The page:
Creating group 'vboxusers'. VM users must be member of that group!

No precompiled module for this kernel found -- trying to build one. Messages
emitted during module compilation will be logged to /var/log/vbox-install.log.

Stopping VirtualBox kernel modules [  OK  ]
Uninstalling old VirtualBox DKMS kernel modules [  OK  ]
Trying to register the VirtualBox kernel modules using DKMS
Error! Your kernel source for kernel 2.6.32-220.el6.x86_64 cannot be found at
/lib/modules/2.6.32-220.el6.x86_64/build or /lib/modules/2.6.32-220.el6.x86_64/source.
  (Failed, trying without DKMS)
Recompiling VirtualBox kernel modules [FAILED]
  (Look at /var/log/vbox-install.log to find out what went wrong)

  VirtualBox-4.1.x86_64 0:4.1.18_78361_rhel6-1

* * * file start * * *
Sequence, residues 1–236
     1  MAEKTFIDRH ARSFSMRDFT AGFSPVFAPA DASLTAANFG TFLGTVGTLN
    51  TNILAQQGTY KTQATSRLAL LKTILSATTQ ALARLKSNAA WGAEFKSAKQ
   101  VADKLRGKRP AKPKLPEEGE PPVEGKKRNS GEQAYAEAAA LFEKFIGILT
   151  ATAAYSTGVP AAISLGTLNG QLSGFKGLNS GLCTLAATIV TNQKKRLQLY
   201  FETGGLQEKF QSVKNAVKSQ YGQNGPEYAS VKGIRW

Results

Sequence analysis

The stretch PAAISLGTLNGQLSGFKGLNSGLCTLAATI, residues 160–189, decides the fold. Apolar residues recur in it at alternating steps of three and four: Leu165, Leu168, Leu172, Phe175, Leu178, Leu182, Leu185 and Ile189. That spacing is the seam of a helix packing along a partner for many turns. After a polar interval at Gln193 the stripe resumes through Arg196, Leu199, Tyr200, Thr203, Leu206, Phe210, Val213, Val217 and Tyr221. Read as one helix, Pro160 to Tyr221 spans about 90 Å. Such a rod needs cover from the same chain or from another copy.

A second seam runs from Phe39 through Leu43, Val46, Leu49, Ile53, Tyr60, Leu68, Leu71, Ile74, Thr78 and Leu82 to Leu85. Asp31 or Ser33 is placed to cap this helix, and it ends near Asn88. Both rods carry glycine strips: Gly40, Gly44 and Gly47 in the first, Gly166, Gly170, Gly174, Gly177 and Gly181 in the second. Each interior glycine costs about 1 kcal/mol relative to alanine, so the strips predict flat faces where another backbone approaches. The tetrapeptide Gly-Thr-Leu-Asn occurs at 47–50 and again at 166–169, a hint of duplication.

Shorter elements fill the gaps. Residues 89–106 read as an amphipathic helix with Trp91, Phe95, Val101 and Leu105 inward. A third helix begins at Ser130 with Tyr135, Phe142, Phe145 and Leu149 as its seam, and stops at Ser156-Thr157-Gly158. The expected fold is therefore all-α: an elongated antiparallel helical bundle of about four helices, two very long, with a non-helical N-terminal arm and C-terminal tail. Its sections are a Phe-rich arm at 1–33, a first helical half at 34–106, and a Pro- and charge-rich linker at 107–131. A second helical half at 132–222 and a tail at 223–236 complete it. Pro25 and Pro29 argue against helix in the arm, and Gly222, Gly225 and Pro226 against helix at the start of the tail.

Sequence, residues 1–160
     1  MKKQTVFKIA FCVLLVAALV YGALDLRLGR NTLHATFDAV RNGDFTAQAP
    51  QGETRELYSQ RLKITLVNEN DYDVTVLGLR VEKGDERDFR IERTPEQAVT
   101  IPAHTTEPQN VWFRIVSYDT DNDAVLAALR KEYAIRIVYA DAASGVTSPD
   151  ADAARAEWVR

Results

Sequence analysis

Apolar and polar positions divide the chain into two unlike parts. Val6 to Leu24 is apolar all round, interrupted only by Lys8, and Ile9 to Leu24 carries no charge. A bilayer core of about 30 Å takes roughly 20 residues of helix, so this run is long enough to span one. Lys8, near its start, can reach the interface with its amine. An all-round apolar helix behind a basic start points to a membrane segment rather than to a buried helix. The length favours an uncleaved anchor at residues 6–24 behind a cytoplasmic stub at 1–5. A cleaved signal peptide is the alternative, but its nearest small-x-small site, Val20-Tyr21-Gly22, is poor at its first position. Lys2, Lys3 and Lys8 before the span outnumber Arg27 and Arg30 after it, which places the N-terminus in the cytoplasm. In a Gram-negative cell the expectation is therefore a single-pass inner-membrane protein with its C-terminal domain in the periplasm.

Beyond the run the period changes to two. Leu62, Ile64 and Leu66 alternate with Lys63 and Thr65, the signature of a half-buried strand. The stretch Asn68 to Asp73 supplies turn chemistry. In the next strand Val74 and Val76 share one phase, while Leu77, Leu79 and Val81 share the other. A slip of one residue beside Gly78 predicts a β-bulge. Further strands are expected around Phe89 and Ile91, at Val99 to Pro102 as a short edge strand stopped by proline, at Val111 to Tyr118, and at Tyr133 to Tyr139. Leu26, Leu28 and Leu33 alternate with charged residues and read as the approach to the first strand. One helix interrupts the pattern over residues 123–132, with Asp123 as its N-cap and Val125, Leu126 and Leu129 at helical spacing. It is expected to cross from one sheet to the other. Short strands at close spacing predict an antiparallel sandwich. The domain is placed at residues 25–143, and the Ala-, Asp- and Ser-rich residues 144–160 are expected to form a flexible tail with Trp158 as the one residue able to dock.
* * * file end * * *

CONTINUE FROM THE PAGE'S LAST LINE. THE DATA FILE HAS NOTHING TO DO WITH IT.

[root@server1 kernels]#

In this case, try to create the correct kernel symlink (as shown before) and then run

# /etc/init.d/vboxdrv setup

to create the VirtualBox kernel module.)

Now we must add the user that will run VirtualBox (admin in this example) to the vboxusers group:

# /usr/sbin/usermod -G vboxusers admin

VirtualBox is now installed and ready to be used.

Starting with version 4.0, VirtualBox has introduced so called "extension packs" and has outsourced some functionality like remote desktop connection support (VRDP) that was part of VirtualBox packages before version 4.0 into these extension packs. Because we need remote desktop connections to control our virtual machines, we need to install the appropriate extension pack now. Go to http://www.virtualbox.org/wiki/Downloads, and you will find a link to the following extension pack:

VirtualBox 4.1.18 Oracle VM VirtualBox Extension Pack
Support for USB 2.0 devices, VirtualBox RDP and PXE boot for Intel cards.

Download and install the extension pack as follows:

# cd /tmp
# wget http://download.virtualbox.org/virtualbox/4.1.18/Oracle_VM_VirtualBox_Extension_Pack-4.1.18-78361.vbox-extpack
# VBoxManage extpack install Oracle_VM_VirtualBox_Extension_Pack-4.1.18-78361.vbox-extpack